On Aug 19, 2:04 am, Stathis Papaioannou <stath...@gmail.com> wrote:

> What about the idea that a thermostat is conscious and feels hot and
> cold in its simple way? How would you devise an experiment to prove or
> disprove that?

If everything can feel everything in the same way, then the nervous
system would be redundant. The existence of mammalian thermoreceptors
suggests that the feeling of skin and muscle alone is not adequate to
be perceived as what we know as hot and cold. The fact that a narcotic
can mask pain subjectively without anesthetizing the local
nocireceptors suggests that there is an interpretive sense required
for 'us' to feel pain. Both the nocireceptors and thermoreceptors
likely feel something IMO, but my hunch is, that since there is
nothing they can do about it (ie, no motive power to alter or remove
themselves from the stimulation as they might if they were
freefloating microorganisms)

I suspect their qualia is different at least in magnitude if not in
significance. A piece of metal used to run a thermostat however, I
would be comfortable in assuming it's qualia is quite considerably
different from living tissue, nervous tissue, and entire systemic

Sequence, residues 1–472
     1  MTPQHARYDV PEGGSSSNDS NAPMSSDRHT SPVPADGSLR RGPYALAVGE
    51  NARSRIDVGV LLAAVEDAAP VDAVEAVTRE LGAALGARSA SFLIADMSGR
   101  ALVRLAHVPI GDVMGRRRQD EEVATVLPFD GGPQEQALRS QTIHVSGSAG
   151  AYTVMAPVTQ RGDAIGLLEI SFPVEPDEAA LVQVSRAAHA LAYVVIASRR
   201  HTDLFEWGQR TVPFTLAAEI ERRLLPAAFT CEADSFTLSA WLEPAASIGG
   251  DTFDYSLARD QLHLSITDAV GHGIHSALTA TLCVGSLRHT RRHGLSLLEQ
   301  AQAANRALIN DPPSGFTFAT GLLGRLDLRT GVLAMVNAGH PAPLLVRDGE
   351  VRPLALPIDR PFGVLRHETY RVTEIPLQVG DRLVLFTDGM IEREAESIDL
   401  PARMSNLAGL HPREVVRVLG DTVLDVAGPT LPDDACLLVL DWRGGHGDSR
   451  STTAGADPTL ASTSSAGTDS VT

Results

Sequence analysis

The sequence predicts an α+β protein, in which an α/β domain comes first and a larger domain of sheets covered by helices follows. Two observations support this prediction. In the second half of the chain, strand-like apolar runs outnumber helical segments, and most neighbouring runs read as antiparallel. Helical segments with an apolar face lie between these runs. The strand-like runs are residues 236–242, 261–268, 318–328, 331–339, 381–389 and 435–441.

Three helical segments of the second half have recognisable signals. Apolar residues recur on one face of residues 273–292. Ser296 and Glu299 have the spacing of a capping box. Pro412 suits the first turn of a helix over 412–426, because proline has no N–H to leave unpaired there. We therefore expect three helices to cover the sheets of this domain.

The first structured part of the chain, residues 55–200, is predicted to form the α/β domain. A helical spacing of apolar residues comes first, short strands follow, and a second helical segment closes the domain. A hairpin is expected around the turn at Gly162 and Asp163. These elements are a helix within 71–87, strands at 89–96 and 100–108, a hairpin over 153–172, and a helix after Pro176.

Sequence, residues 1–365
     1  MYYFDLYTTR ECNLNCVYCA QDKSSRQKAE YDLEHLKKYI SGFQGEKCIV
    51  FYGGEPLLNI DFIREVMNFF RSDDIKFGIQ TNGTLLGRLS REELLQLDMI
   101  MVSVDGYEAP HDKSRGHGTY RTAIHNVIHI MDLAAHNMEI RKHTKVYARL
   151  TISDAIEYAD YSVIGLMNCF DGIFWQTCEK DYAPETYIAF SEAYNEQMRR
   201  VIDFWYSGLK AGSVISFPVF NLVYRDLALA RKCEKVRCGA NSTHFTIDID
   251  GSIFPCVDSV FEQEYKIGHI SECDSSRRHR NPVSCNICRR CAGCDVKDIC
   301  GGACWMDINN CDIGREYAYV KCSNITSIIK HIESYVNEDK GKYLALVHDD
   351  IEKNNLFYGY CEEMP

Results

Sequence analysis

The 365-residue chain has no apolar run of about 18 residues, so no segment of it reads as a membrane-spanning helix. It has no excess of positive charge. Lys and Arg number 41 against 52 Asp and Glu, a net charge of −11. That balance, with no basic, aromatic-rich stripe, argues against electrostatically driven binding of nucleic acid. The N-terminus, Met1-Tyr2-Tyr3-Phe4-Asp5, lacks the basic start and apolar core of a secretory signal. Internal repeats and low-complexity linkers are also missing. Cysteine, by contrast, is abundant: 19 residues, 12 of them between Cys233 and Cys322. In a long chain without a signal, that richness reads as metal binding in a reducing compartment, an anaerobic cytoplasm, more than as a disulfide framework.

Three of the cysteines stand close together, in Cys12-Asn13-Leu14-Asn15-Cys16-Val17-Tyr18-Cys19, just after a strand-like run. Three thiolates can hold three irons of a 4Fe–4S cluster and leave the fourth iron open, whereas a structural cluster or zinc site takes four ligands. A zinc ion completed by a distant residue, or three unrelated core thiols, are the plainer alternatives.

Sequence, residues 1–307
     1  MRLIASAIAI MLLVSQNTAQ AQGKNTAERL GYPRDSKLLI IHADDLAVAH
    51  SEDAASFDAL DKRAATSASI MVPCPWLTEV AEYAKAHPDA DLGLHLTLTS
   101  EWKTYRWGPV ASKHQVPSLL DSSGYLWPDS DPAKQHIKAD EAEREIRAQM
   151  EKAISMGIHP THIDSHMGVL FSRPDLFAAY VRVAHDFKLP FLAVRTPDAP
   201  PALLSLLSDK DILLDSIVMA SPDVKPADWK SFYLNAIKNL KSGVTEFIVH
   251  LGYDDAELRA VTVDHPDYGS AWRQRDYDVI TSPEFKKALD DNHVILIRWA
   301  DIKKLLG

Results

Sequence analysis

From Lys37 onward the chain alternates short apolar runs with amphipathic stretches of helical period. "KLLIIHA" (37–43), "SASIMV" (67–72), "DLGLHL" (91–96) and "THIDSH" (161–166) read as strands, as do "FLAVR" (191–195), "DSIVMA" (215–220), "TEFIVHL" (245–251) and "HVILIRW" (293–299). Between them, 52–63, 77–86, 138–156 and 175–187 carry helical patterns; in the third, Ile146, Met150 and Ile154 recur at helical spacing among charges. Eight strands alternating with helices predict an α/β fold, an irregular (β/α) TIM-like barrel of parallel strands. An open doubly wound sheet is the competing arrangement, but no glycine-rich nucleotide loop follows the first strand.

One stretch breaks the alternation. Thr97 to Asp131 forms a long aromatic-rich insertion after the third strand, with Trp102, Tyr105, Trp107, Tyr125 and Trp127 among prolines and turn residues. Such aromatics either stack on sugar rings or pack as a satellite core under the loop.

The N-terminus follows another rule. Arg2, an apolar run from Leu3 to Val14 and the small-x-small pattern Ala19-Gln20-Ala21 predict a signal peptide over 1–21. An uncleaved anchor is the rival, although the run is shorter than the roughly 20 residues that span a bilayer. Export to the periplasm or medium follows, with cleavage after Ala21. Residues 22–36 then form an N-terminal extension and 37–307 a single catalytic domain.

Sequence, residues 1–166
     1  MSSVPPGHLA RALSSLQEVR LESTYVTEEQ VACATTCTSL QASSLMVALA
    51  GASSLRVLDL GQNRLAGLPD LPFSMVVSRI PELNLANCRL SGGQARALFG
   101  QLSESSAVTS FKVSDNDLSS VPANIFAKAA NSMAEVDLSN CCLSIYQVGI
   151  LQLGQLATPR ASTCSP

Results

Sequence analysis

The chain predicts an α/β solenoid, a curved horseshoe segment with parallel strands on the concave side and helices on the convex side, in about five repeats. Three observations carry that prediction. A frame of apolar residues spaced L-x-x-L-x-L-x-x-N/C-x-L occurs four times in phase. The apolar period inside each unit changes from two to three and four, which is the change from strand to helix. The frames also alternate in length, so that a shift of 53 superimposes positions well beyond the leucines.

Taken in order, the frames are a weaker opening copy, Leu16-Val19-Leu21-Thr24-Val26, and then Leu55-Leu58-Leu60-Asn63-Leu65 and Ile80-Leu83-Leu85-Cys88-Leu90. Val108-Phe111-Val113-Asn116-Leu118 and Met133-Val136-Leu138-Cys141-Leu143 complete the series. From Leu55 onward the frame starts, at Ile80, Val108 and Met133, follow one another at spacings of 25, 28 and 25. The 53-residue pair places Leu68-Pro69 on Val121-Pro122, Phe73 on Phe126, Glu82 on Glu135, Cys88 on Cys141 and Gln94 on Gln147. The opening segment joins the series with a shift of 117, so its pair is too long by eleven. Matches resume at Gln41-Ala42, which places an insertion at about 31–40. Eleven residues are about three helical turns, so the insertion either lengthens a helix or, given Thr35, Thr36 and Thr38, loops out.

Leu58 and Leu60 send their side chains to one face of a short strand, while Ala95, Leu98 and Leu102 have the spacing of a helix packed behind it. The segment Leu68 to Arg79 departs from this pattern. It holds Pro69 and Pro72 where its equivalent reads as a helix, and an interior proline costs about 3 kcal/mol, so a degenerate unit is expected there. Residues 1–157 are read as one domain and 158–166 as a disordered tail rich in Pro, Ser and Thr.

coordination of a nervous system organs of perception. Irrespective of
quantitative volume or magnitude of the stimulus, it seems ludicrous
to imagine that there would not be an extreme qualitative difference
in the qualia. The function is different. A metal strip doesn't know
it's part of a larger machine, it did not evolve out of a symbiotic
relationship to that machine where it contributes survival-related
messages to a greater body.

The way to prove it is to build an apparatus which can directly add
substances to the brain in a neuro-friendly solution, or indirectly
through some kind of transcranial induction. Once you establish that
your method works, by restoring sight to the blind for instance, then
you can how other kinds of cells and substances feel to us within our
brain. That would be the only proof. We would have to become the


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